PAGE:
"They have had great equipment, and they still do have great equipment. But you have got to drive the car. Period," Sadler said. "At the end of the day, you have got to drive the car or truck. There are a lot of kids out there who have had their dads and families help with money or situations who couldn't drive a lick, who tear up stuff every week and don't make it. These guys have gotten in there and are battling for championships. You can't buy a championship. You can buy the best equipment in the world, but if the kid gets up there and doesn't know what he's doing, it doesn't matter how much money you spend.

"Austin and Ty have done a great job. Austin has run almost every lap this year in the Nationwide Series. That's not handing him anything. He's earned his right to run for this championship.

"...What I'm saying is that there are a lot of kids who have had help getting to a bigger level or the next level that don't have anything at all to show for it. Austin already has a Truck championship to show for it [which he won last year]. Now he's got a shot at a Nationwide championship. I hope he finishes second to me this year, but he's got a good chance to win the Nationwide championship and Ty has a good shot to win the Truck championship this year. These guys can drive. That's a big difference."

Ty Dillon has earned three poles, six top-fives and 16 top-10 finishes to go along with his one win at Atlanta Motor Speedway, where he passed none other than Kyle Busch for the lead with six laps to go. He also finished third at Indianapolis Motor Speedway in his Nationwide debut.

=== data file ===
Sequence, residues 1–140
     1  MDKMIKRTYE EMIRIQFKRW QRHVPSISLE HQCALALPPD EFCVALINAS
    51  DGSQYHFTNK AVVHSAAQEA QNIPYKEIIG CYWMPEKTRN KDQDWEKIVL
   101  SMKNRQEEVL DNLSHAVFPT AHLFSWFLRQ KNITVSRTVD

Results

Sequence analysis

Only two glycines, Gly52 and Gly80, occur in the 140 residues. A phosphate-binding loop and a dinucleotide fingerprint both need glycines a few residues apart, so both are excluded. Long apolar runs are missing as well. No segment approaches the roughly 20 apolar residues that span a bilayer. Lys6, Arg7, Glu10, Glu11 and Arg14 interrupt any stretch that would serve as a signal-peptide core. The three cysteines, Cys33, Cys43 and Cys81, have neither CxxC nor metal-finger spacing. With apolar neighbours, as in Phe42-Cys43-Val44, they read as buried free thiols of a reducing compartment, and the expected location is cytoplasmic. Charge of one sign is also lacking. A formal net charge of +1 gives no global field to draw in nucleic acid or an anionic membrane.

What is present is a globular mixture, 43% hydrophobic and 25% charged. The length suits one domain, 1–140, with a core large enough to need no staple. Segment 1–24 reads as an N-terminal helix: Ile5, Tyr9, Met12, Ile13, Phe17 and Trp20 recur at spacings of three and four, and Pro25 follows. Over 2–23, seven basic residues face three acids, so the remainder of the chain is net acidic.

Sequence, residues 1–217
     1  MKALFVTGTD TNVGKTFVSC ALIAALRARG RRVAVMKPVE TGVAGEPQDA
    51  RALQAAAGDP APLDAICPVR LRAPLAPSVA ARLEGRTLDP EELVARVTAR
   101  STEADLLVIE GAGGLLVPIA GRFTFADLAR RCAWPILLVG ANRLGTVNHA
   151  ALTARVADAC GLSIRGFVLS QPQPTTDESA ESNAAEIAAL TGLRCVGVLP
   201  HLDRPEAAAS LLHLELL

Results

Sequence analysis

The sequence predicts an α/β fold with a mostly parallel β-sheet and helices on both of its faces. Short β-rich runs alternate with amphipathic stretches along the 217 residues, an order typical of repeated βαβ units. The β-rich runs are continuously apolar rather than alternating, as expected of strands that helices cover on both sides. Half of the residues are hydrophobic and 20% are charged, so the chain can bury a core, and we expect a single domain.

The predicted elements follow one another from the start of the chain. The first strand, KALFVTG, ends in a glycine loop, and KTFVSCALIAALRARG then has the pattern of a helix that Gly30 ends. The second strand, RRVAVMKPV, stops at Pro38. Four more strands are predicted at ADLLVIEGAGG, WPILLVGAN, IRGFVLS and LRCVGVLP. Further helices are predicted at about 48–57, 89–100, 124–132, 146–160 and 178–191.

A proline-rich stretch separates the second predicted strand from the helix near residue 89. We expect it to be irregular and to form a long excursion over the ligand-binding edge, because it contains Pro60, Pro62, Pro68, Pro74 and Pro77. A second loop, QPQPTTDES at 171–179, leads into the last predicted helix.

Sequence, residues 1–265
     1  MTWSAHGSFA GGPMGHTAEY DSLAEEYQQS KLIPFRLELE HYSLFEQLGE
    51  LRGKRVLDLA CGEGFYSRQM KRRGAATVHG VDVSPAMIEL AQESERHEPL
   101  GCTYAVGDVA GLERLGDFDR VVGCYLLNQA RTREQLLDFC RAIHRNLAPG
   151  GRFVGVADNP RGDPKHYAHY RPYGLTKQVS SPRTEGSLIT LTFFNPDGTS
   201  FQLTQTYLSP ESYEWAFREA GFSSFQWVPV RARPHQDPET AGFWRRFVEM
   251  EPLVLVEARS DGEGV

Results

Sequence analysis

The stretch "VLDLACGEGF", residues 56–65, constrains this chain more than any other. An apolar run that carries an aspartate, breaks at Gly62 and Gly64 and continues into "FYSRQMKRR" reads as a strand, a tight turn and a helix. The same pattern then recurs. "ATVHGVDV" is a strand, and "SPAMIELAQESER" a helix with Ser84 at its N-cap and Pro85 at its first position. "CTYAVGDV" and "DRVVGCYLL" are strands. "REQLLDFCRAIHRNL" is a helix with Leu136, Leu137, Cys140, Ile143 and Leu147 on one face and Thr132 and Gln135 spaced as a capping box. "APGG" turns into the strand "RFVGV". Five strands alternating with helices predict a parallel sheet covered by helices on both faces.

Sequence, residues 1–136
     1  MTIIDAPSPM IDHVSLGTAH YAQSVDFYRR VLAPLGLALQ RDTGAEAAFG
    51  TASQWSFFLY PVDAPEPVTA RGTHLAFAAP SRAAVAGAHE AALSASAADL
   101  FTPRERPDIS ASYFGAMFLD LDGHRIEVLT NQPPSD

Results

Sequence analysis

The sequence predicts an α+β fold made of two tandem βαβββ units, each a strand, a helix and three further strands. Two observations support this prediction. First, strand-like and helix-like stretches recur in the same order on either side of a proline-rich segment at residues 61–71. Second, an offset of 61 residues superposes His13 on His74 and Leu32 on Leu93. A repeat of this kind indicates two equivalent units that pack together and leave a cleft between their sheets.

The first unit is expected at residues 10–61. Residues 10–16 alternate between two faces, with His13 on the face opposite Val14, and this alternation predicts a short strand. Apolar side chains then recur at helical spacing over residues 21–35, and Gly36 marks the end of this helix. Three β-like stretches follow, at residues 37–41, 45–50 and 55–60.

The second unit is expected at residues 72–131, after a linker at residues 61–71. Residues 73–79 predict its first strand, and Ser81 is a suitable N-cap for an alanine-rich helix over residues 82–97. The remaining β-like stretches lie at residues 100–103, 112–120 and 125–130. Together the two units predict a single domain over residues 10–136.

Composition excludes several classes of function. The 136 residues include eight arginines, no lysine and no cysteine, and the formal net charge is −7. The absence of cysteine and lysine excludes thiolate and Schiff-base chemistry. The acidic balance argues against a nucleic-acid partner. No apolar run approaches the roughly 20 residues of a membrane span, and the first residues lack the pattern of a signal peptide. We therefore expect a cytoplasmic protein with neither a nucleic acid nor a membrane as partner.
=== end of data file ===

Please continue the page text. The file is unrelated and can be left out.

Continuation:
Sure, he would like to win the Truck Series championship in the same No. 3 Chevrolet truck that his big brother drove to the title last year. But with the next truck race set for Oct. 27 at Martinsville Speedway, Ty said he's honed in on adding hardware to the RCR trophy case more than anything.

"We're mainly just focusing on trying to win races," he said. "Our team hasn't really had the points battle enter into our heads too much yet. We haven't talked about it that much. Our main goal is to fill our trophy case full of wins, and then the points will come. We've been good enough to be really consistent this year. ... I think we've really hit our stride at the right time of the year."

Sadler said watching Ty from a distance has been eye-opening this year.

"I think what Ty Dillon is doing is amazing," Sadler said. "We all know he's got a good race team, he's got good equipment. But to go to these race tracks for the first time and race against these other teams -- and these other drivers who have raced at this tracks before and have years and years of experience -- and to be leading the points right now, I think that says a lot for him.

"No one can drive that truck for him when they're racing. No one but him can make that split-second decision when you're side-by-side, three-wide, knowing where to put your truck and keep it in one piece. At a young age, and for the first time racing for a championship at this level, I think he's doing [darn] good."